diffusion method to determine the antimicrobial effects of aqueous, methanolic and

ethanolic extracts of M. indica leaves against clinical isolates of S. aureus. The

preparation of sample includes collecting, washing, grinding, and producing an extract

using maceration. It is as well focused on susceptibility testing and measurement of the

diameter of inhibitory zones of the Mango (Mangifera indica) leaf extract to determine its

activity against S. aureus.

Definition of Terms

The following terms are defined conceptually and operationally for better

understanding of this study.

Antimicrobial. An agent that stops the growth of S. aureus. In this study, the

Mango (Mangifera indica) leaf extract was tested for its antimicrobial action.

Capability. This refers to the ability Mango (Mangifera indica) leaf extract as an

antimicrobial agent.

Extract. A preparation containing the active ingredients of a substrate in

concentrated form. In this study, maceration method was used to produce the optimum

extract to be used as an antimicrobial product out of Mango (Mangifera indica) leaf.


Mango (Mangifera indica). A specie of flowering plant in the sumac and poison

ivy family Anacardiaceae. It is native to the Indian subcontinent where it is indigenous.

In this study, Mango (Mangifera indica) leaf extract was tested if it is an effective

antimicrobial agent.

Staphylococcus aureus. A gram positive, non-moving small round shaped or non-

motile cocci and usually found in grape-like clusters. It is found in the environment and is

a normal human flora, located on the skin and mucous membranes of most healthy

individuals however, it is consider as a major bacterial human pathogen that causes a

wide variety of clinical manifestations. In this study, it is one of the bacteria that was

treated using the extracted Mango (Mangiferaindica) leaf.




This chapter includes information from the literatures that are related to this

research and studies done by other researchers that will correlate for the further

understanding of the study.

Related Literature

Mangiferaindica (MI), also known as mango, has been an important herb in the

Ayurvedic and indigenous medical systems for over 4000 years. Mangoes belong to

genus Mangifera which consists of about 30 species of tropical fruiting trees in the

flowering plant family Anacardiaceae. According to ayurveda, varied medicinal

properties are attributed to different parts of mango tree. Mango is one of the most

popular of all tropical fruits. Mangiferin, being a polyphenolic antioxidant and a glucosyl

xanthone, it has strong antioxidant, anti lipid peroxidation, immunomodulation,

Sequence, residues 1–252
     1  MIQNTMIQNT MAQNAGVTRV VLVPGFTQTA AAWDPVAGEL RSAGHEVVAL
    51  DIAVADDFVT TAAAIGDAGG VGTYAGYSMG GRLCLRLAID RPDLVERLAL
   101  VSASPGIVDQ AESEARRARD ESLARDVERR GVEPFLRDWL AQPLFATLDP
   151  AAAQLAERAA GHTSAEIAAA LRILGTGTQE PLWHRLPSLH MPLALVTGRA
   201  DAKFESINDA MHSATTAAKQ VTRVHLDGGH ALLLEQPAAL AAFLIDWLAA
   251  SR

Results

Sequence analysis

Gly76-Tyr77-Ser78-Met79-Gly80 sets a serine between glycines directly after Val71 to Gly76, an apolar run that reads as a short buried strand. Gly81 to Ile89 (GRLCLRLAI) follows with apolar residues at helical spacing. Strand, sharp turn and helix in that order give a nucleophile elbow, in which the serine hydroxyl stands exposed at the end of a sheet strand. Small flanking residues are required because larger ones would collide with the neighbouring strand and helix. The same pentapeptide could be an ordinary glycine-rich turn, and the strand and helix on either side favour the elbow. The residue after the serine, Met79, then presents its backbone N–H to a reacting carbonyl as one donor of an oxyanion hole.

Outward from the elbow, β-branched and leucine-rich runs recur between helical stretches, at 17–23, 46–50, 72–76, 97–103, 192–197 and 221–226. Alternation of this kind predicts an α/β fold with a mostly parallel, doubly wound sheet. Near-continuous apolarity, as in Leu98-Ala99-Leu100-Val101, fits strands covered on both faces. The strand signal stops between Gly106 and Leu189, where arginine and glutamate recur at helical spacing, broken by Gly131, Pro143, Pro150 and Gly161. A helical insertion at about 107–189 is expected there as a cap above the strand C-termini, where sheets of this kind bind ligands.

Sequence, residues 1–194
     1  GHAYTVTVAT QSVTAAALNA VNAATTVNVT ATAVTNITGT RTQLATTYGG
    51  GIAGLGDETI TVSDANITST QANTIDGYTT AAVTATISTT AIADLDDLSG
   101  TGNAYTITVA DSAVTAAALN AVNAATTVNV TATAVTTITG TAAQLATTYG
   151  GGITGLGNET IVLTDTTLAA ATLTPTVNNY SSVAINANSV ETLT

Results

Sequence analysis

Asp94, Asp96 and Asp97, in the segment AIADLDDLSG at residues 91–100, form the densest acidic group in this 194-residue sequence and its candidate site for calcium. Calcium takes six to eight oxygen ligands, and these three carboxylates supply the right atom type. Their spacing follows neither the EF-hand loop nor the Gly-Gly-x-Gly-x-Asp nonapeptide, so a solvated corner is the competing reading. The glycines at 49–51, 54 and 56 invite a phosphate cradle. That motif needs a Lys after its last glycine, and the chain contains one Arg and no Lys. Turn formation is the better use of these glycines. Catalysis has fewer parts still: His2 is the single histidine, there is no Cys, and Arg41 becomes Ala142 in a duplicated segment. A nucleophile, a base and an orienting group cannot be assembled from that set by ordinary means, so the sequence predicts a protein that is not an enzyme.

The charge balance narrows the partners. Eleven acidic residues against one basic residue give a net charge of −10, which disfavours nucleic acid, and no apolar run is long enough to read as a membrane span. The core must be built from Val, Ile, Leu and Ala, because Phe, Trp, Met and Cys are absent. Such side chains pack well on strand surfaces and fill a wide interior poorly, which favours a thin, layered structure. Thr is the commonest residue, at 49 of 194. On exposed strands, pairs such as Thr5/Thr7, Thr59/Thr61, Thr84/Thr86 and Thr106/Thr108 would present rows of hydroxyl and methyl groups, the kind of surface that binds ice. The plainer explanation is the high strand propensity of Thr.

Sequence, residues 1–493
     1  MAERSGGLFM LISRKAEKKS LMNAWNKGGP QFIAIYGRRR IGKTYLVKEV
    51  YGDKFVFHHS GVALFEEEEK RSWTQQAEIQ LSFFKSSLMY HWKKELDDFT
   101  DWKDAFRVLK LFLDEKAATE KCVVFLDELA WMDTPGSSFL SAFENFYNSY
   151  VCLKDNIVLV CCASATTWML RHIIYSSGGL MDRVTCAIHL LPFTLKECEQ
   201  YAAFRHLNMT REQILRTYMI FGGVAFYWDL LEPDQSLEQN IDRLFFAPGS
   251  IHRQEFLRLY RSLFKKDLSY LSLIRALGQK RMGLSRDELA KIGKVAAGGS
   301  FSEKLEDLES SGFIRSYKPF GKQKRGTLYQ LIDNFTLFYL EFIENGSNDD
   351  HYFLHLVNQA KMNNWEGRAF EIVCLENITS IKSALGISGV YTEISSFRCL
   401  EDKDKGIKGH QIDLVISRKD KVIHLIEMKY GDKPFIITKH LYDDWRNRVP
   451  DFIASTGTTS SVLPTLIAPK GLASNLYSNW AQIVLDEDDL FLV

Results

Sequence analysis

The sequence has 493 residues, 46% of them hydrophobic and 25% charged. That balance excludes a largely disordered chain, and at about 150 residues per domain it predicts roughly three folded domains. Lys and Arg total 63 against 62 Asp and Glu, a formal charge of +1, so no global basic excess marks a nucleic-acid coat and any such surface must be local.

cardiotonic, hypotensive, wound healing, antidegenerative and antidiabetic activities

(Shah et al., 2010).

In recent years, there has been a dramatic increase in number of reported poisoning

outbreaks caused by food-borne pathogenic bacteria. In 1996, one of the serious

outbreaks caused by Escherichia coli O157:H7 occurred in Sakai, Japan (National

Institute of Infections Diseases and Infectious Diseases Control Division, 1997).

Consequently, there has been considerable interest in preventing food contamination by

food-borne pathogens. Traditionally, various methods, such as heating, reducing water

activity, smoking, fermentation, and adding antimicrobial agents, have been used to

prevent spoilage of foods. The addition of antimicrobial agents has been a particularly

effective method for controlling microbial contamination. Unlike chemically synthesized

antimicrobial agents, those from natural sources are acceptable to consumers. Phenolic

compounds, tannins and flavonoids in mango seed are found to be responsible for

antimicrobial property. They prevent microorganisms by inhibiting extracellular

microbial; growth and by avoiding oxidative phosphorylation. So mango seed kernel oil

is used to kill abdominal worm and also given as a cure for vomiting, diarrhea and

hyperacidity. (Kittiphoom,2011)

Infectious diseases are one of the main causes of morbidity and mortality worldwide.

Nowadays many infections are often caused by multi-resistant microorganisms resulting

in difficult to treat diseases and, consequently, substantial increases in healthcare costs.

Nature is a generous source of compounds, with the potential to treat diseases, including

infectious diseases. Studies exploiting the mechanism of action and the structure-activity

aspects of these natural compounds may provide both additional antimicrobial leads and

drugs, and also significant insight into potential possibilities to overcome the

antimicrobial resistance (Hayashi et al., 2013)

Plants are used for the treatment of diseases and novel drugs continue to be

developed through research from plants. There are more than 20,000 plant species

used in traditional medicines and they are prospective reservoirs for new

pharmaceuticals. Traditional medicinal plants have received significant attention

because their phytochemicals may lead to new drug discoveries.For several years,

there has been an increased interest in the study of different extracts obtained from

traditional medicinal plants as potential sources of new antimicrobial agents. The


search for new antimicrobial agents is an important line of research because of the

resistance acquired by several pathogenic microorganisms (Compean, 2014).

The number of multidrug resistant (MDR) microorganisms is increasing.

Escherichia coli, methicillin-resistant S. aureus (MRSA), Pseudomonas

aeruginosa, and Candida species are but a few among the well-known microorganisms

and have shown an evolution in resistance to various pharmaceutical drugs. Because the

levels of resistant pathogenic microorganisms are on the rise, novel and effective

antimicrobial agents are needed to contain this epidemic. Natural products obtained from

various plant species have been used for maintaining health as evidenced by their

extensive use in traditional medicine (Vandal et al., 2015).

Plants have been used as food, spice, and medicine since ancient time. Much

before the discovery of the existence of microorganisms, plants were an integrated part of

the traditional medicine of many communities used for the treatment of various infectious

diseases (Bucar etal., 2014)

In the recent years, research on medicinal plants has attracted a lot of attentions